Review: Drake – Nothing Was The Same

Will it ever be the same again?


From the artwork to lyrics and track titles; Drake’s third studio album, Nothing Was The Same, is smooth with a hint of spice.

Although, for those well-versed in the honey-laced vocals of Toronto’s most famous son, we wouldn’t have expected any less. Since 2009 and the dawn of his Young Money phase, Aubrey Drake Graham has been providing playlists for parties, morning-afters and study sessions with his trademark old-school, soul inflected vocals.

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While still dogged by lingering “Jimmy Brooks from Degrassi: The Next Generation” associations (see above), Drizzy is all about the music these days. Nothing Was The Same has been in a hype cloud for a while – “Started From The Bottom” has been clogging our airwaves for several months and while it’s not Drake’s smoothest number, it does tell a story and does it with style. The biggest track is undoubtedly “Hold On, We’re Going Home”, up there with “Get Lucky” for banger of the year. It’s sexy, it’s easy and it’s authentic.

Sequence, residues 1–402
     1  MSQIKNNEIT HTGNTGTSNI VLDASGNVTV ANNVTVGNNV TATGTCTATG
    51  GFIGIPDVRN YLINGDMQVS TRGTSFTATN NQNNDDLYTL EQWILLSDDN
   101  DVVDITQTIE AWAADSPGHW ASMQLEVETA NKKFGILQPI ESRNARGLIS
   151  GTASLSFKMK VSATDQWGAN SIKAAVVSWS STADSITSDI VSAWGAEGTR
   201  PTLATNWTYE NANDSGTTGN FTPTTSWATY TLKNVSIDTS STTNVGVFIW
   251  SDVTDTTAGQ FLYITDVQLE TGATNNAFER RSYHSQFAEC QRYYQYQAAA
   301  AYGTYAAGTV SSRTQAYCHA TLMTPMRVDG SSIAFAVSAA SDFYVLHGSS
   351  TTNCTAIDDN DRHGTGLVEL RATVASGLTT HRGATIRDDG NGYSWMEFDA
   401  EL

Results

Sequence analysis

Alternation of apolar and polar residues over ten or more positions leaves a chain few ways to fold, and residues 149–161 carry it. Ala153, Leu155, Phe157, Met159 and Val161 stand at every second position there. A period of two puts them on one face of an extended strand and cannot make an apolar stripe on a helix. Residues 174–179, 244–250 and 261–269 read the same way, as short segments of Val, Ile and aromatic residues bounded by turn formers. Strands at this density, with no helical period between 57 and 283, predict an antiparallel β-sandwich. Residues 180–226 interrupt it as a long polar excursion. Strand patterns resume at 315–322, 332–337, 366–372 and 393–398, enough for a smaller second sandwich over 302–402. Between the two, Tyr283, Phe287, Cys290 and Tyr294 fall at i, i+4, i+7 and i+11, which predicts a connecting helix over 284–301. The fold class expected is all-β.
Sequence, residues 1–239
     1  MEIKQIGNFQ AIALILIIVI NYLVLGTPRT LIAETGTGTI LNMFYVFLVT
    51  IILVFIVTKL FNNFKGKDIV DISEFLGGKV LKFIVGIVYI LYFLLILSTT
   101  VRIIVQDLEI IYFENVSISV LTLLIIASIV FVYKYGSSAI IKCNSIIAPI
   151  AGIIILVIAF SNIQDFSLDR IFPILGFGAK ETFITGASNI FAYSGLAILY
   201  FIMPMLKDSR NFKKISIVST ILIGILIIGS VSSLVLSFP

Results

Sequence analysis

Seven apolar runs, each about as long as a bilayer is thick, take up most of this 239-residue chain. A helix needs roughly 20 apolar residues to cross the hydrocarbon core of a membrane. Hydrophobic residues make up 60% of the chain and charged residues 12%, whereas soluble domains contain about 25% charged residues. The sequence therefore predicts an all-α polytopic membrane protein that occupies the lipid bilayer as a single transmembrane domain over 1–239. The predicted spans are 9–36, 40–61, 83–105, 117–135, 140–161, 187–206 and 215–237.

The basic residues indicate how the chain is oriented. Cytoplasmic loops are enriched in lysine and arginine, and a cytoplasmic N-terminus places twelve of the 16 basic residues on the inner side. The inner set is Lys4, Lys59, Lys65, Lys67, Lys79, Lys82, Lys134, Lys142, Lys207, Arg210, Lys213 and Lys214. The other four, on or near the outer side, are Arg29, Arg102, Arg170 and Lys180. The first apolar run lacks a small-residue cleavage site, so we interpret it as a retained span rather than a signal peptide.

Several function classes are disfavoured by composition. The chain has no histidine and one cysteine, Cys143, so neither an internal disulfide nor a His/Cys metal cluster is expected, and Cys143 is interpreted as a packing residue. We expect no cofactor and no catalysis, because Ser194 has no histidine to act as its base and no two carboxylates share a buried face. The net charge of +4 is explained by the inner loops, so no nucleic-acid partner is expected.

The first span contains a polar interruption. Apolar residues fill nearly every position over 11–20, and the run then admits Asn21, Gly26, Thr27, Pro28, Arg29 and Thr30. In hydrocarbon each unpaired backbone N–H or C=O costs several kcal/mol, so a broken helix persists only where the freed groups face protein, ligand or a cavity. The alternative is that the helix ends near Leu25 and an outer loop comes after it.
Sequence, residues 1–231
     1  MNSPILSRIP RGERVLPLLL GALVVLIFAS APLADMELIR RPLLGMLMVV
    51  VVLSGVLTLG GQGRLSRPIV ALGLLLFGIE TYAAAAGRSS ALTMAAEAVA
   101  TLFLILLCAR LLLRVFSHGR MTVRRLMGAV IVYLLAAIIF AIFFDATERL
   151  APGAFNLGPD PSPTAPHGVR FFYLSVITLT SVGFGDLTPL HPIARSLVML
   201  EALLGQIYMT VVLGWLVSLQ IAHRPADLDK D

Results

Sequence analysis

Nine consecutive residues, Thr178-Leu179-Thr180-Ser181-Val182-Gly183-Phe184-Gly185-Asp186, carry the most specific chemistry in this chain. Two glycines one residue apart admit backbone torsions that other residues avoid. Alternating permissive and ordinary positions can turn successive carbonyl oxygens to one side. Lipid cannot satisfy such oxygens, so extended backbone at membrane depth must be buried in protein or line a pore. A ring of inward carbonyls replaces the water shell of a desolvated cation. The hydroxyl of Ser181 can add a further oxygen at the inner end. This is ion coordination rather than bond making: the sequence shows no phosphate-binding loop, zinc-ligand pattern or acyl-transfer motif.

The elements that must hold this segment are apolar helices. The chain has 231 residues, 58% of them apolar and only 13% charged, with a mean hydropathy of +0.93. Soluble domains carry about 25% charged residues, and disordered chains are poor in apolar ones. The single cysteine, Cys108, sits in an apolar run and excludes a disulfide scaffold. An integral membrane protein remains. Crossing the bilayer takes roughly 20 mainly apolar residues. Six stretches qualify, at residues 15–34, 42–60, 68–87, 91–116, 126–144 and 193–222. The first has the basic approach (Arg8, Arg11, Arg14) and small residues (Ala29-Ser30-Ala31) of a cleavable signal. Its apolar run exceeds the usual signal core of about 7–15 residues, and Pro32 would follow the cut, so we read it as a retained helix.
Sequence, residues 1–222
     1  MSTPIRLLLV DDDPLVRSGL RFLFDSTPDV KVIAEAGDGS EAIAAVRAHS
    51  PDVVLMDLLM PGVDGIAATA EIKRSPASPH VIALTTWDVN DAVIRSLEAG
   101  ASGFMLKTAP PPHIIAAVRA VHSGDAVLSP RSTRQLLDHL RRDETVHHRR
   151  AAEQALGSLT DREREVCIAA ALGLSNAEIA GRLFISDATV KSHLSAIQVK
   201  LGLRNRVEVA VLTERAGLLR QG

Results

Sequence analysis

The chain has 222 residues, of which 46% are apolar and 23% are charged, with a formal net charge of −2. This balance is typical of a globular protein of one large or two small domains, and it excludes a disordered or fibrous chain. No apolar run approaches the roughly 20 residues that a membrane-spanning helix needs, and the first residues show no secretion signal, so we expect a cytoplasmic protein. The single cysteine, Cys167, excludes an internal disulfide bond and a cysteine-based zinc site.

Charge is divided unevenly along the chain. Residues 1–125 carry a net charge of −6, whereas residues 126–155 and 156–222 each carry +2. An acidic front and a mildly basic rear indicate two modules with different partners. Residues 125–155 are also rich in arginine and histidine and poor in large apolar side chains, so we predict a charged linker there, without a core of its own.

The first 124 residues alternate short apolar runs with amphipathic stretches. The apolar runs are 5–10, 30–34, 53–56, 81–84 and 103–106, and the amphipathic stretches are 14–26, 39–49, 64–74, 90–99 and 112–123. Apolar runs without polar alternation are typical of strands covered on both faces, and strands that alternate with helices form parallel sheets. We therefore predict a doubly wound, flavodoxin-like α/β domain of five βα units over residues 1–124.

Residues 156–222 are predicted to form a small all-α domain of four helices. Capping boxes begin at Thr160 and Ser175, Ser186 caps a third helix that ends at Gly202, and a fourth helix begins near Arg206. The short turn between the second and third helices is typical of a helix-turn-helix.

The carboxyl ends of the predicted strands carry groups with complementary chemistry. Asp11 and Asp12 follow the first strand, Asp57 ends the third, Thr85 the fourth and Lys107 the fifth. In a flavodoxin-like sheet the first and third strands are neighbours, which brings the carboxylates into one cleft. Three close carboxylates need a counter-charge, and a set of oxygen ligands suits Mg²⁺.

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“Pound Cake” is definitely a noteworthy mention, not least because of JAY Z’s guest verse. It’s extremely slick and is surprisingly honest. “I’m authentic, real name, no gimmicks”, says Drake. Mr Z then comes in shouting about Benz-es and diamonds. Classic Hov. Also, what happened to the whole thing about JAY Z not saying “bitch”? He literally just did.

One thing that cannot go unmentioned is the artwork. The cartoon-style imagery of baby Drake and Old Drake facing each other is just so dayum cool. Drake has always been a symbol of elegance in a risqué world of hip hop. In spite of rumours pinning him down as a bit of a womaniser, he continues to break the mould with his modesty and boyish charms. The bad boy/good guy dichotomy shines through on other album highlights, “The Motion” and the fresher than fresh, Sampha-featuring “Too Much” – a bit of London love in an already impressively transatlantic collection.

The title of that first raw mixtape back in 2006, Room For Improvement, almost seems prophetic now. Drake has well and truly come of age. Make way, JAY, Drizzy is here and he’s right. Nothing was the same; nor will it ever be again.